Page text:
Figure 3. Principle of the Hemisfer project.
France Life Imaging (FLI): 2012-2023, €2000k (phase 1) + €1200k (phase 2)

Participants : Christian Barillot, Olivier Commowick.

France Life Imaging (FLI) is a large-scale research infrastructure project to establish a coordinated and harmonized network of biomedical imaging in France. This project was selected by the call “Investissements d’Avenir - Infrastructure en Biologie et Santé”. One node of this project is the node Information Analysis and Management (IAM), a transversal node built by a consortium of teams that contribute to the construction of a network for data storage and information processing. Instead of building yet other dedicated facilities, the IAM node use already existing data storage and information processing facilities (LaTIM Brest; CREATIS Lyon; CIC-IT Nancy; Empenn U1228 Inria Rennes; CATI CEA Saclay; ICube Strasbourg) that increase their capacities for the FLI infrastructure. Inter-connections and access to services are achieved through a dedicated software platform that is developed based on the expertise gained through successful existing developments. The IAM node has several goals. It is building a versatile facility for data management that inter-connects the data production sites and data processing for which state-of-the-art solutions, hardware and software, are available to infrastructure users. Modular solutions are preferred to accommodate the large variety of modalities acquisitions, scientific problems, data size, and to be adapted for future challenges. Second, it offers the latest development that are made available to image processing research teams. The team Empenn fulfills multiple roles in this nation-wide project. Christian Barillot is the chair of the node IAM, Olivier Commowick is participating in the working group workflow and image processing and Michael Kain is the technical manager. Apart from the team members, software solutions like MedInria and Shanoir are part of the software platform.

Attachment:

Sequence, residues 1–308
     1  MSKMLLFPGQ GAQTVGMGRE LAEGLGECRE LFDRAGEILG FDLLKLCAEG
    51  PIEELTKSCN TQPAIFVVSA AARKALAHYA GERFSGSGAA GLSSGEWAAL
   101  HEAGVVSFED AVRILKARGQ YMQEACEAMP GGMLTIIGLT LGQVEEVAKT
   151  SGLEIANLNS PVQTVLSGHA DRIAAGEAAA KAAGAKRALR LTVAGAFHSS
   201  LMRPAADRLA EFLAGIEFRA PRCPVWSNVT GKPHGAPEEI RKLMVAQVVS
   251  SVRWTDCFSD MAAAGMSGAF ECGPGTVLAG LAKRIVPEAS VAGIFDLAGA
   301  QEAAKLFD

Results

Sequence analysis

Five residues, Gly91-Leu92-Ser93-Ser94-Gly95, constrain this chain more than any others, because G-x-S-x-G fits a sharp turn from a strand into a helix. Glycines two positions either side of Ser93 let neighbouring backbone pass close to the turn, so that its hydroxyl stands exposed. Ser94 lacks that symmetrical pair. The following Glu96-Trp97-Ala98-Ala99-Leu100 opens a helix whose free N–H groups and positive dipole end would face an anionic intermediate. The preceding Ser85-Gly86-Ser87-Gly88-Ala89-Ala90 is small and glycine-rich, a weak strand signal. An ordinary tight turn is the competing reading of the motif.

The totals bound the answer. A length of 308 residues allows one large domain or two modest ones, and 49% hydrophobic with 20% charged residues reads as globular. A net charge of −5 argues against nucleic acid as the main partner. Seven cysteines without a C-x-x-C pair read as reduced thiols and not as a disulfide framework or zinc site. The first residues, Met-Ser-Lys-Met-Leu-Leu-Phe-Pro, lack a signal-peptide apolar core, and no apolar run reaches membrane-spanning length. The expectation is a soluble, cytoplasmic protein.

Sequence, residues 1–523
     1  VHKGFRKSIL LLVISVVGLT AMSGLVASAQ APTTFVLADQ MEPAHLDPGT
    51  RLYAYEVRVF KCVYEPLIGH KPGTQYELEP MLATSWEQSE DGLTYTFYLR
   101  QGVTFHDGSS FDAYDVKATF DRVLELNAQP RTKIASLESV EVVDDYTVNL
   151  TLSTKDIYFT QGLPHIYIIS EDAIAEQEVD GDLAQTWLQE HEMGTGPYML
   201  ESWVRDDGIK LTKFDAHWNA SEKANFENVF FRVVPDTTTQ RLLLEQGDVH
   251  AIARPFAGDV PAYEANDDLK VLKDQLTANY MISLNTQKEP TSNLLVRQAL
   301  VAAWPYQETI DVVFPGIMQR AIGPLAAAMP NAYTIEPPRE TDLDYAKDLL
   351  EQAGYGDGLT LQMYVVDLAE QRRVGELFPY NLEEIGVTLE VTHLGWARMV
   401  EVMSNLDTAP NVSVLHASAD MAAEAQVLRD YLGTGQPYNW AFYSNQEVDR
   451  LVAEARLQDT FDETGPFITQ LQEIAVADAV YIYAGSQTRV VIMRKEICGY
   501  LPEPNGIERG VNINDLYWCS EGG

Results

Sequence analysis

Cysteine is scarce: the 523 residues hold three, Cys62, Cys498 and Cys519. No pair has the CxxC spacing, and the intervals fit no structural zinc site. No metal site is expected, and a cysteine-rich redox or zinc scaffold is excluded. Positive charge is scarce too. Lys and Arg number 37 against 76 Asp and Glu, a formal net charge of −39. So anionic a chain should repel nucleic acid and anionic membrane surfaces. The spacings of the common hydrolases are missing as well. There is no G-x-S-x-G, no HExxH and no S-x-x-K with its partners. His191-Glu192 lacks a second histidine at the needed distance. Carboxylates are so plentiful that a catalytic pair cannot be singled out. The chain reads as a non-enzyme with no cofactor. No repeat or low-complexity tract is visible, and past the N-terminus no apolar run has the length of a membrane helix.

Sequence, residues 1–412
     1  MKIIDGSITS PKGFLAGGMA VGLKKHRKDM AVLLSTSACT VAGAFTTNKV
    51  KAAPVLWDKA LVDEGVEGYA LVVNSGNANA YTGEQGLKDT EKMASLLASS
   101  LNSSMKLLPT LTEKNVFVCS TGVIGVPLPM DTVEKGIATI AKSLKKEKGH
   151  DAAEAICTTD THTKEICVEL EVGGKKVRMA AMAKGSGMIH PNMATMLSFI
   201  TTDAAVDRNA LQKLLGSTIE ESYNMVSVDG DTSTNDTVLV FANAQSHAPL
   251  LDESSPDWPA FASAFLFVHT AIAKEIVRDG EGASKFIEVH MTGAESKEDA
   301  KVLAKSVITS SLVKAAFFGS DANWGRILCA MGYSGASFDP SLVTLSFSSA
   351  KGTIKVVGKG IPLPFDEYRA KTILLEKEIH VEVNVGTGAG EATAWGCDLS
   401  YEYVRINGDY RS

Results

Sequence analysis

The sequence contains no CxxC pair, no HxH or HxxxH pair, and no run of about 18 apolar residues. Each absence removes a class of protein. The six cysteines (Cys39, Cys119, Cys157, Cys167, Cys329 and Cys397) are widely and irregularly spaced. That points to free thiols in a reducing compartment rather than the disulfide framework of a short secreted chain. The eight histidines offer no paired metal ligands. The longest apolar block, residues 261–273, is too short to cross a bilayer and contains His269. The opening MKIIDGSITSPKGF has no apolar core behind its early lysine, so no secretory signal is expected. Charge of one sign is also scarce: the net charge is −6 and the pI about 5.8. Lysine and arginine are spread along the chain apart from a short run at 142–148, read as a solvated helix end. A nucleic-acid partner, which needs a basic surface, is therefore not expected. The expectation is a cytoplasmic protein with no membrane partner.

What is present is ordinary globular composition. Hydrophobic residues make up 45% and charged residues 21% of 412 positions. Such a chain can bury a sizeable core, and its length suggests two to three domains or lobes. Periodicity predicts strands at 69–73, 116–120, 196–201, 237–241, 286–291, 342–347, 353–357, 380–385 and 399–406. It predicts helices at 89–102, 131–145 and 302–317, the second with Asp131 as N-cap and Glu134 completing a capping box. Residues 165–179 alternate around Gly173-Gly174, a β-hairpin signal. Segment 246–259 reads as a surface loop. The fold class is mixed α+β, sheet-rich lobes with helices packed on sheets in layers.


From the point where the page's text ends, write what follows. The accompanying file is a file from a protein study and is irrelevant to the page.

OFSEP: €175k for 2017-2019

Participants : Élise Bannier, Christian Barillot, Olivier Commowick, Gilles Edan, Jean-Christophe Ferré, Francesca Galassi.

The French Observatory of Multiple Sclerosis (OFSEP) is one of ten projects selected in January 2011 in response to the call for proposal in the “Investissements d’Avenir - Cohorts 2010” program launched by the French Government. It allows support from the National Agency for Research (ANR) of approximately 10 million € for 10 years. It is coordinated by the Department of Neurology at the Neurological Hospital Pierre Wertheimer in Lyon (Professor Christian Confavreux), and it is supported by the EDMUS Foundation against multiple sclerosis, the University Claude Bernard Lyon 1 and the Hospices Civils de Lyon. OFSEP is based on a network of neurologists and radiologists distributed throughout the French territory and linked to 61 centers. OFSEP national cohort includes more than 50,000 people with Multiple Sclerosis, approximately half of the patients residing in France. The generalization of longitudinal monitoring and systematic association of clinical data and neuroimaging data is one of the objectives of OFSEP in order to improve the quality, efficiency and safety of care and promote clinical, basic and translational research in MS. For the concern of data management, the Shanoir platform of Inria has been retained to manage the imaging data of the National OFSEP cohort in multiple sclerosis.